Does toothpaste go bad?

My family stocks up on toothpaste to the extent that it’s occasionally a relatively long time before we need to buy more. As a result of this practice, some of our supply gets pretty old…alright, very old (as far as toothpaste should be concerned).

Anyway, I got out the last tube in my personal stash and checked the expiration date and discovered that it expired in May. Of 2003. So I’m wondering if this stuff still works as a tooth paste or if the flavoring agents can spoil? Anyone?

Thanks for your replies

The abrasiveness is never going to go away, so it should work as toothpaste forever. I can imagine that the “pasteness” of it could have problems over a very long time (like 10 years), and might separate out in some way that would be gross. But that would be obvious as soon as you put it on your toothbrush. And even if the flavoring went off, it almost certainly wouldn’t be toxic, so it wouldn’t hurt to just try it.

Well, it’s not going to go moldy or anything - I think you’d have a very hard time getting anything microbial to grow in it. I could see it having physical changes, like hardening or separating.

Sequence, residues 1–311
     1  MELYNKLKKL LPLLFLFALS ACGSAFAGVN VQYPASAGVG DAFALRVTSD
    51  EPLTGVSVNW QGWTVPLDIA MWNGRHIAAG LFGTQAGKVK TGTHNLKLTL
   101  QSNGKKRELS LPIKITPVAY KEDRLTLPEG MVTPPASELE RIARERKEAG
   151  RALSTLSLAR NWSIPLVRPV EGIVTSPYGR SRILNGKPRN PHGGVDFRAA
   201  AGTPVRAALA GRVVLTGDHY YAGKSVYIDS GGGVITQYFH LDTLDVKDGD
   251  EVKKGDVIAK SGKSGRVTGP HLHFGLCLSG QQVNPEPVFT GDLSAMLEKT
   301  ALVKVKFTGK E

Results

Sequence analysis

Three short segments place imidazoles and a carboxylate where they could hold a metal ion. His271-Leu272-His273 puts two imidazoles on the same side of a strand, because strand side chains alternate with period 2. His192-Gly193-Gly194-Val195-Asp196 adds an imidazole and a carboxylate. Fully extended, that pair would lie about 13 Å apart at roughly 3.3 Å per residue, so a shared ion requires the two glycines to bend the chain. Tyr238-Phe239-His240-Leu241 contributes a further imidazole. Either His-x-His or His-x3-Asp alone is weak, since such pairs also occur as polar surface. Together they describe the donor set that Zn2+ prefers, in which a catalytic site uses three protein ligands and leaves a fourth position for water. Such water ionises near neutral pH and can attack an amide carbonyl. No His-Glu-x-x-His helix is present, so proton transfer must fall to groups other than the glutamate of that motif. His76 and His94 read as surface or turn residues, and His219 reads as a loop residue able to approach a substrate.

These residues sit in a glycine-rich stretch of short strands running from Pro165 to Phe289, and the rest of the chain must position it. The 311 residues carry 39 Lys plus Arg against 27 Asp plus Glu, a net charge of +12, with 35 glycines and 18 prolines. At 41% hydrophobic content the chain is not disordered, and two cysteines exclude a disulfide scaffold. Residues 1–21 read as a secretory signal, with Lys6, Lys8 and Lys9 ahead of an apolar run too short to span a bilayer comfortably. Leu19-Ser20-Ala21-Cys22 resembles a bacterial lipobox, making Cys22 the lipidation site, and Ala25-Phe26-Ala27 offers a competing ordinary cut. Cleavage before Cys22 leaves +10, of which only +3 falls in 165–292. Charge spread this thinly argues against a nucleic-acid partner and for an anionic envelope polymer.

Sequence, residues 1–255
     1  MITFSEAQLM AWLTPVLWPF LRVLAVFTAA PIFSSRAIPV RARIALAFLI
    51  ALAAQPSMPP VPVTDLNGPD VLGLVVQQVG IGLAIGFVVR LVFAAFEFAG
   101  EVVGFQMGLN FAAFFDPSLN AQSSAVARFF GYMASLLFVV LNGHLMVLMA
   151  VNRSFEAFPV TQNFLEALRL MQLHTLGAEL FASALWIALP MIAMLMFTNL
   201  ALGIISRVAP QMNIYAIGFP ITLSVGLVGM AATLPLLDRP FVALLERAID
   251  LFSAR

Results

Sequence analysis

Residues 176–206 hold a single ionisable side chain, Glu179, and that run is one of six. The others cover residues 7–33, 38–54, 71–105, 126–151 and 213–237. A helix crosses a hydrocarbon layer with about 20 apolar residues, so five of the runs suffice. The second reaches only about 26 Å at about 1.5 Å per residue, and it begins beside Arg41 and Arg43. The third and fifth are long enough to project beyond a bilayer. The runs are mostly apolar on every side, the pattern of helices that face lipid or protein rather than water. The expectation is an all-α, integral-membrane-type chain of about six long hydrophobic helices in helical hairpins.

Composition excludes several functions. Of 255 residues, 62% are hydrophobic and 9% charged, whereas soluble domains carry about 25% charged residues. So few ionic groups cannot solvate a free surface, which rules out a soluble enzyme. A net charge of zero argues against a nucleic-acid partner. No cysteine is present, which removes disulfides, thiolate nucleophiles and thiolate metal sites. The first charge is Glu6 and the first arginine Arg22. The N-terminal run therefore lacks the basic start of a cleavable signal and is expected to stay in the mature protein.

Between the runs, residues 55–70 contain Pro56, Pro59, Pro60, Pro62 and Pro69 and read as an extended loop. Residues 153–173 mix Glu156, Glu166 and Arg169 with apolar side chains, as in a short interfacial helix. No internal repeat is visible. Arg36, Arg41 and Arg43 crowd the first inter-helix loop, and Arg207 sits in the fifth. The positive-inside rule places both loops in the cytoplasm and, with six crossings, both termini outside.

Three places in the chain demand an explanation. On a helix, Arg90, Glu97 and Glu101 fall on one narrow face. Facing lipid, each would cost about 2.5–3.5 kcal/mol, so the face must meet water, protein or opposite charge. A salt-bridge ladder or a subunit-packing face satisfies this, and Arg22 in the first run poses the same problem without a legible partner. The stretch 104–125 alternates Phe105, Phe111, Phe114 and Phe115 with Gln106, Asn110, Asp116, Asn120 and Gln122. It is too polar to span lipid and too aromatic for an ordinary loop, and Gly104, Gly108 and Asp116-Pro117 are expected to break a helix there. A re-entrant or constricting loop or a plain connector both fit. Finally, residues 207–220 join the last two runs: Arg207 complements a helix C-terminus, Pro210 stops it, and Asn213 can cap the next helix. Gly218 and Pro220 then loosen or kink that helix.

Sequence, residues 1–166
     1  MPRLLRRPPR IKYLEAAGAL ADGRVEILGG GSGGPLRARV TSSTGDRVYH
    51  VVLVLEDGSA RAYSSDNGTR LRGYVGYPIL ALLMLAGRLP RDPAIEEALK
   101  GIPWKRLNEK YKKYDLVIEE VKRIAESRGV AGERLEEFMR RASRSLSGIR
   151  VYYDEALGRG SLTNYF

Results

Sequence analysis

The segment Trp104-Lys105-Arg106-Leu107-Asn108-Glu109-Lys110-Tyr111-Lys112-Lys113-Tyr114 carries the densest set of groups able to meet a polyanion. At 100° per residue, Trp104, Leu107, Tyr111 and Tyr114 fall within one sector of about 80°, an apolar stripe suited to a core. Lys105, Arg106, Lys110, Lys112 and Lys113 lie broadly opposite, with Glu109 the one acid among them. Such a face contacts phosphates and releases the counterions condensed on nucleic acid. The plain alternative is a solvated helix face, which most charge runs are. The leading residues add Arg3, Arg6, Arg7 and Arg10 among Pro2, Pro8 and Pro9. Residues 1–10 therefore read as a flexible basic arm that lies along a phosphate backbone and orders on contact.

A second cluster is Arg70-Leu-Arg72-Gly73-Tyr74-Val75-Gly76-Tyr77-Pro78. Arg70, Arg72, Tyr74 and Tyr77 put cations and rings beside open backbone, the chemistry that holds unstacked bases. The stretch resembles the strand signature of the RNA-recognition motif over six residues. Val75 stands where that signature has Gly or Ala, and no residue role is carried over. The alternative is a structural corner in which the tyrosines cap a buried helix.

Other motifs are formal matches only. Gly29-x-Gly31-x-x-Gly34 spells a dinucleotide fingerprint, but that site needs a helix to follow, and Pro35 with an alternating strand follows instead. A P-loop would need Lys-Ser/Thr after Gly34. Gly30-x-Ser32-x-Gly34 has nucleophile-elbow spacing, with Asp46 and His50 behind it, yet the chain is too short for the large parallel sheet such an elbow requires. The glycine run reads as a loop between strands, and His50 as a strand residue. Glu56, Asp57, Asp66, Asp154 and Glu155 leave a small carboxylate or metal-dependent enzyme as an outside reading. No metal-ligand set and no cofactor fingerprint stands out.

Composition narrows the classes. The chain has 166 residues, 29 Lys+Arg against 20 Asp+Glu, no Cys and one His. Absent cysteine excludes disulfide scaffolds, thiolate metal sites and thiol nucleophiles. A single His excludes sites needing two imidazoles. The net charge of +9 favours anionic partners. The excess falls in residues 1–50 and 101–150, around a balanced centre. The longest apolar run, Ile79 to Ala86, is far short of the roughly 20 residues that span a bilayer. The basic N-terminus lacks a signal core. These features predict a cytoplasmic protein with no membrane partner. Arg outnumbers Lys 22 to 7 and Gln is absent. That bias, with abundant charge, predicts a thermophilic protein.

Toothpastes containing stannous fluoride will, IIRC, degrade to stannic fluoride over time. I don’t know if this has any health implications, but I seem to recall that it turns them brown.

Well, I did unscrew the cap to see if there had been any obvious signs of spoilage or discoloration and I didn’t notice any.

I’ll give it a shot tonight when I go to bed (I’ve been using a newer tube in the interim) and let everyone know how it works out…

Where’s the trepidatious smiley??

They put tin in toothpaste?! Tin is some nasty stuff to be putting in your mouth!

::runs and checks toothpaste::

Mine has sodium monofluorophosphate in it, but it’s weird toothpaste (JASON Powersmile Plus)

My old tube of Aquafresh is the same.

It would seem that something happened to it in its long slumber in the bathroom closet. Tasted pretty bad to me, but I’m awaiting independent verification on that.

Note too that since it’s expiration date was May 2003, that it was made a few years before that.

According to The Colgate Toothpaste FAQ, all Colgate toothpastes have an expiration date of 2 years.

According to this cute little article (or Blog, kinda…) the Crest toothpaste hotline says a shelf life of 3 years.

This FAQ about Aquafresh says 3 years normally but:

(ooooh, aaaah)

And for fun cite:

So your toothpaste may have been packaged over 4 years ago. Yum!

Yes, they do. The three approved forms of dental fluoride are sodium fluoride, stannous fluoride, and sodium monofluorophosphate. NaMFP is the most common in toothpastes these days, but SnF[sub]2[/sub] is still used in some toothpastes, and in many preparations used in the dentist’s office. Sodium fluoride, I think, is mostly used in mouthwashes and rinses. FWIW, NaMFP is the biggest pain in the ass to do QC on (or it was when I was doing it – we had to boil it in acid and titrate with thorium nitrate).